Reviewing Indie Authors One Book at a Time

Tsbphere are stories of a sword that can boil oceans that was created by Ulraek, the flame-maned lion god of the sun. The sword appears to have passed through the hands of mortals from time to time and epic stories form a trail of ownership, but no one is certain of its whereabouts or if the existence is true.

Our narrator is a man from a noble and wealthy house. He is well-educated for his time and place and has been enjoying a leisurely tour of the country for a few years.  When he begins to tell us the story, he claims to already have the sword in his possession. Because he understands that the story he about to convey will be misconstrued as apocryphal, he attempts to ensure the reader of his sincerity by giving us an oath:

“To make no attempt to deceive, alter, or corrupt the truth.”

This first person account, told as a long tale of the narrator’s past, depicts how he learned of the secret passages to the other realms where the gods reside. He intends to speak to Ulraek face-to-face and ask for the sword in a most straightforward manner. But as gods are usually fickle and cryptic creatures, our narrator leaves empty-handed. So how does he possess the sword?

Read this tale to find out.

I enjoyed reading this first short story in the collection of the Chronicles of the Sunsword by Brenden Parkins. Lovers of myth and fantasy will enjoy the well-described characters. Our narrator, Jal’Derren, is a man free of any familial obligations, the son of a general and a council member, well-read and well-taught by his father. Jal’Derren suffers from wander-lust, and he enjoys traveling far and wide. His father is the keeper of a large library and a vast amount of internal knowledge, and he wishes his son would return home, marry, and prepare to take possession of the estate and wealth. He would be greatly honored for his son to wield Suthara, the Sunsword. I’m interested to see how the Chronicles progress.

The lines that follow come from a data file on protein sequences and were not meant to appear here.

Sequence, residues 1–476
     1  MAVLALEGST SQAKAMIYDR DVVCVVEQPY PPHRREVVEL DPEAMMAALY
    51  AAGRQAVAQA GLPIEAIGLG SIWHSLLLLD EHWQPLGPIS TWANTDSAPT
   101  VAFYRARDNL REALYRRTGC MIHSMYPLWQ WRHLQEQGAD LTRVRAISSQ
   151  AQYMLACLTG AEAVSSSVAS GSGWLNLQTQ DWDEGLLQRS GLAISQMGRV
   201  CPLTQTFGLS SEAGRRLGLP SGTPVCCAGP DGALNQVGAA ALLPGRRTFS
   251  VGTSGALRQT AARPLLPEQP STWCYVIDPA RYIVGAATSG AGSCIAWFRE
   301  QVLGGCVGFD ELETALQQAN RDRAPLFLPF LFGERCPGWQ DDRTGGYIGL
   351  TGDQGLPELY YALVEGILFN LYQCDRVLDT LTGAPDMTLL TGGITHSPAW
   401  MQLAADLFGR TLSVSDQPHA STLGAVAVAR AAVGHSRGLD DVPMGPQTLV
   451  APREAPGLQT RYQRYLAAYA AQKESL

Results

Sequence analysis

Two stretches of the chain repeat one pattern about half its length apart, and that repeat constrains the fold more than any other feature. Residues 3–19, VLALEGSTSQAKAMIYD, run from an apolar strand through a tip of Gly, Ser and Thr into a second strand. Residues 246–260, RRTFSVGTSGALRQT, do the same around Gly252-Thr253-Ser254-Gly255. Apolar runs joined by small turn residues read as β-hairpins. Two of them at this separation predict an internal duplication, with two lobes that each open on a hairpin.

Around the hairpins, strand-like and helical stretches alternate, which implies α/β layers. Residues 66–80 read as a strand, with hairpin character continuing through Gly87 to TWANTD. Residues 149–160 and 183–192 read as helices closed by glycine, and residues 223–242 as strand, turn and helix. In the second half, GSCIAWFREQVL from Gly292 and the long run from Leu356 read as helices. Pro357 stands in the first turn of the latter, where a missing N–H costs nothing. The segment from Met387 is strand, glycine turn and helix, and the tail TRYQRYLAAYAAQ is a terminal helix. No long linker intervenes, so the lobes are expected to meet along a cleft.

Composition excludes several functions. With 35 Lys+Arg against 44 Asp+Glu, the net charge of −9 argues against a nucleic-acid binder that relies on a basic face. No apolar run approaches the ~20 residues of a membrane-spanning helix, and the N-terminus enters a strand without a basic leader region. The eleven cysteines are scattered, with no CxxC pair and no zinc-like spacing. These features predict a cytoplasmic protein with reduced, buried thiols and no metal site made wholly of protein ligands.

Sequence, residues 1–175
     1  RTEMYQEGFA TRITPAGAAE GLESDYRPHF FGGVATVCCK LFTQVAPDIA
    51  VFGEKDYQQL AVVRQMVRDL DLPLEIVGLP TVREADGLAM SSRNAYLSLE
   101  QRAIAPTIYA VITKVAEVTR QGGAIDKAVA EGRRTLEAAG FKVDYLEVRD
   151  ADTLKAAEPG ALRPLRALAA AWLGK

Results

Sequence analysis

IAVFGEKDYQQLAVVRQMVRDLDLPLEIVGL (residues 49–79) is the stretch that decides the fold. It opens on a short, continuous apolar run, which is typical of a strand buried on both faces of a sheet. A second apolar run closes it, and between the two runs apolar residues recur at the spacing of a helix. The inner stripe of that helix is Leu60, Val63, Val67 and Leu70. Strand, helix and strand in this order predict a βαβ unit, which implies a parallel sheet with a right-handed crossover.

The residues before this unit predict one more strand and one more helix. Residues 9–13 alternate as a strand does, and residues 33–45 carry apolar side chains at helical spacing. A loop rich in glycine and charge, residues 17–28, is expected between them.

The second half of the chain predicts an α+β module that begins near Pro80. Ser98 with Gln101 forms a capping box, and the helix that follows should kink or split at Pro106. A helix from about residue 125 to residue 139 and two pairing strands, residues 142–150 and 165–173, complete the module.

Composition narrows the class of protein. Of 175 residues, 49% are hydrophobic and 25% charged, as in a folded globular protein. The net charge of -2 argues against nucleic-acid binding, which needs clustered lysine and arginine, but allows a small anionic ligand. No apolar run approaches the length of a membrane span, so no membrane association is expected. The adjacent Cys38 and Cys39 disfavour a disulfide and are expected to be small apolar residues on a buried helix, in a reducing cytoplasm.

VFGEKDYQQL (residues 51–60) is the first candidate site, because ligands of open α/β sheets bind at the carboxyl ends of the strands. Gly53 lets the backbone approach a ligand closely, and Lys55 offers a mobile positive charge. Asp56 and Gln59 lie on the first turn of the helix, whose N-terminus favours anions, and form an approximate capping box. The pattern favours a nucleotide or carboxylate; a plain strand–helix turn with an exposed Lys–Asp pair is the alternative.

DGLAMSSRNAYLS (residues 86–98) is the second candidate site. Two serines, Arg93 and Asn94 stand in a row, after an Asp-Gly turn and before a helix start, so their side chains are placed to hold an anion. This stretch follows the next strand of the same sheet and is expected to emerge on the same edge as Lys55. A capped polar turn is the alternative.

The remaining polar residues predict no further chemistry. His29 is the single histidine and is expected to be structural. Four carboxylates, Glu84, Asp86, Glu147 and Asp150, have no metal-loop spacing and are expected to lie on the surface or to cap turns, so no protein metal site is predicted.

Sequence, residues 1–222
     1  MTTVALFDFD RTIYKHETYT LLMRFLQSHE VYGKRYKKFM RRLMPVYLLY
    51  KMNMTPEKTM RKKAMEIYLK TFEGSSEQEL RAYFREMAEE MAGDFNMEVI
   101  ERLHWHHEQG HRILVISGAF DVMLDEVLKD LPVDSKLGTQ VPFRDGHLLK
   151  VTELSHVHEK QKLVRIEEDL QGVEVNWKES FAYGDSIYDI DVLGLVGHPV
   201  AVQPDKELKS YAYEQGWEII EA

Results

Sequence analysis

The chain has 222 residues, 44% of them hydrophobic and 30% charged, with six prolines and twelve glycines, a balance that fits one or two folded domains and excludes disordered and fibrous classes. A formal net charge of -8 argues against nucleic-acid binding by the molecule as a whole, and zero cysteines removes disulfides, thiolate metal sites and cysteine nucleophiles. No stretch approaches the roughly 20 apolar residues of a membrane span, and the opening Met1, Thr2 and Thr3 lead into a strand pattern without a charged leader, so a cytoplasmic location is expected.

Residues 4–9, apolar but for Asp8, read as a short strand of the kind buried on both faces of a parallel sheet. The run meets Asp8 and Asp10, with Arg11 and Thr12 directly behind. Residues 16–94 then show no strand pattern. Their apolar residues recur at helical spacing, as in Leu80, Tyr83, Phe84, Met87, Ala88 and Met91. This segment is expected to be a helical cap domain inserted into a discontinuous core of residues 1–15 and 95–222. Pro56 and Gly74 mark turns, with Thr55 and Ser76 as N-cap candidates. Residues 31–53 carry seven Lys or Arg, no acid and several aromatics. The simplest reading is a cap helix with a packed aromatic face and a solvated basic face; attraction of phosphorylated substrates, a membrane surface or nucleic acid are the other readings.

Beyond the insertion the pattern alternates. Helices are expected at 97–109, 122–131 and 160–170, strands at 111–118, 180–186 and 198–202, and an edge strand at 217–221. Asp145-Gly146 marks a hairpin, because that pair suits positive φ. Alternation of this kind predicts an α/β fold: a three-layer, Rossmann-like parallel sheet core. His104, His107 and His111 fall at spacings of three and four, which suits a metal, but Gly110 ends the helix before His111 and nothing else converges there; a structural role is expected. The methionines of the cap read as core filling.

4 Stars – An enjoyable story with world-building and myth-building that enhance the telling of the tale. I found a couple of spots that were confusing about the geographical map I built in my mind as I read, and the father makes a confusing back-pedal on his statements that almost makes me wonder if the old man is senile.

Available on Amazon.com along with the continuation of the Chronicles.

 

 

 

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